When we are bound by our assumptions about what the scriptures say, our biological imperatives, and, especially in our world today, our insistence that what we do not understand must not exist, it is very hard to see Jesus—even if he is walking beside us. These were the same issues which interfered with the disciples seeing.
The disciples understanding of the messiah began with their misunderstanding of scripture. They sought a messiah who would redeem Israel—a messiah who would ease pain, who would raise them up and punish those who persecuted them. But that is not the kind of God Jesus is. The idea that God is doling out good fortune and bad is very hard to shake. A quote on Facebook succinctly captures the radical change that Jesus brings: “God does not give us what we can handle, He helps us handle what we have been given.” Jesus is God with us, not God fixing us.
That is not what the disciples assumed or expected. What these disciples knew was that their hope that Jesus would be the one to redeem Israel had died on the cross. As long as they (or we) insist on holding on to our own ideas of what redemption and eternal life are, we will be unable to see Jesus. No matter how many times they had been told, the disciples could not imagine that the messiah would be crucified. They could not imagine that death was not the end. They could not imagine that love is rooted in helplessness rather than control. They could not imagine that to save their lives, they must lose them. Their understanding and assumptions about God stopped up their ears and blinded their eyes.
We even witness Jesus’ frustration— “Oh, how foolish you are, and how slow of heart to believe all that the prophets have declared! “ They had been with Jesus for his entire ministry and still missed the point. But in real life, this is often the case. In real life we often retain less than ten percent of new information—especially information that is contrary to our own thinking. I try to warn clients of this reality early. It is one of the reasons counseling can take so long. The brain is like a self-sealing tire. A new idea can penetrate but it is quickly sealed off. In the moment a new idea can be vivid, real and true but twenty minutes later, we can’t repeat it. The gospel is at least that difficult to make a part of us.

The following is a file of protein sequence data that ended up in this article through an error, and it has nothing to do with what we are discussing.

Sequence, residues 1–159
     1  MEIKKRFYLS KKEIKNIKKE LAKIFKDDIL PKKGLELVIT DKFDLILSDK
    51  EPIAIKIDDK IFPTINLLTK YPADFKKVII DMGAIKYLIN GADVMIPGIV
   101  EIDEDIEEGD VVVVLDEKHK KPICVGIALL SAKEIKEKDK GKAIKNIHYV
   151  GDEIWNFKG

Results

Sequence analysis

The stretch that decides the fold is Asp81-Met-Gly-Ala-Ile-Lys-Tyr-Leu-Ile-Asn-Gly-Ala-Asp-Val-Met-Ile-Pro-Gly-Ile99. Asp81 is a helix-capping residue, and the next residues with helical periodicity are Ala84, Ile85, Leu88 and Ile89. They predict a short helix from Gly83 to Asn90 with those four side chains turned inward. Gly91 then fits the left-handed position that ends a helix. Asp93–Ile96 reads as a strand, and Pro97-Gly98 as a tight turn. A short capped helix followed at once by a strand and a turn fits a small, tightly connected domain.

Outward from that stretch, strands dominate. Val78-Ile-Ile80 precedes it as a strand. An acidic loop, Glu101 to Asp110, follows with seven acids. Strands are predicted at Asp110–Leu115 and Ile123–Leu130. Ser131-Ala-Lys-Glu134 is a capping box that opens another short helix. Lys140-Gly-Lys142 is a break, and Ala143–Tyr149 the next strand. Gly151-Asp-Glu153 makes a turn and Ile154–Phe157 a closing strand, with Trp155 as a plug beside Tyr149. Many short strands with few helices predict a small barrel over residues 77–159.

But Jesus persevered. He goes over the scriptures yet again. “Then beginning with Moses and all the prophets, he interpreted to them the things about himself in all the scriptures.” The messiah must suffer. The messiah is a servant. Eternal life is not life as we know it. The kingdom of God is distinct from the natural world that reflects our primal biology and evolution. The way of the world is survival of the fittest. It is either you or me. It is us/them. Jesus challenges that world. He treats everyone as a child of God. He does not insist of his own way. He redefines what death and life mean. He calls us to values above our natural self-interest. He shows us a more excellent way.
Though, like the disciples, in order to see Jesus we have to give up what we think we know, it is not completely outside of our experience. This is not magic. We get glimpses of what resurrected life might mean in the ordinary experience of surviving the death of someone we love. In ordinary grieving, it is very common to see and talk to a lost loved one. It is very common to reflect on their life and to see them—and ourselves, in a new way. We can even see implications and impacts that we could never have anticipated and which are well beyond our control. Death is the end of many of the ways we knew loved ones but death is not the end of life. Even in our earthly lives, we can begin to experience how life ripples into ours well after death. We can see, dimly, that death is not the end.
Similarly, it does not take a whole lot of detachment to realize that any ‘me first’ way of life can only work in the short term. In that way of life, anything we achieve or acquire must be defended and requires constant vigilance. That life ends in death. I had a client, a very successful entrepreneur, who said, “every penny stolen is a penny earned.” He had perhaps the ultimate ‘me first’ way of living. He spent his life acquiring and protecting himself from people like him. By his own values, he had won—but it was an empty victory. He could never have enough. The treadmill gave no rest for his soul.
It is fairly easy to see that we are all better off if we work toward mutual respect and love—rather than an unending search for personal security. In dramatic contrast, the resurrection faith claim is that no matter what happens to us—even if we are crucified—we are safe with God and love will prevail. But it is hard to see Jesus.
Experiential glimpses and rational arguments, however, are still very different from the ‘aha’ of seeing that Jesus lives. That experience is transformative. It literally turned the disciples around. They had been fleeing danger (as predicted, they were all deserters) and returned to Jerusalem. In the memory of Jesus’ teaching and in the breaking of bread, they suddenly ‘knew’ what he meant. Death had no dominion over Him. God’s love continued. Jesus lived. Curiously, the very moment that truth crystallized, Jesus vanished. He needed to be seen in human form for them to see him in transcendent form. Both were and are true.
Can you see Jesus? I promise you, you will be startled, terrified, disbelieving and wondering—and you will be joyful. He lives. The love he has promised is real and it will survive any human ending. Seek him in the study of scripture, in worship, in the breaking of bread. Seek him whenever two or three are gathered in his name and when we are in faithful service. These are the times it is most likely that the Holy Spirit will visit us, when it is most likely he will open our minds and allow us to see him.
Be transformed. Know, from the inside out, that Death had no dominion over Him. And it has no dominion over you. Live in the Lord. Live in Love. He is risen. He is risen indeed. Let it be so.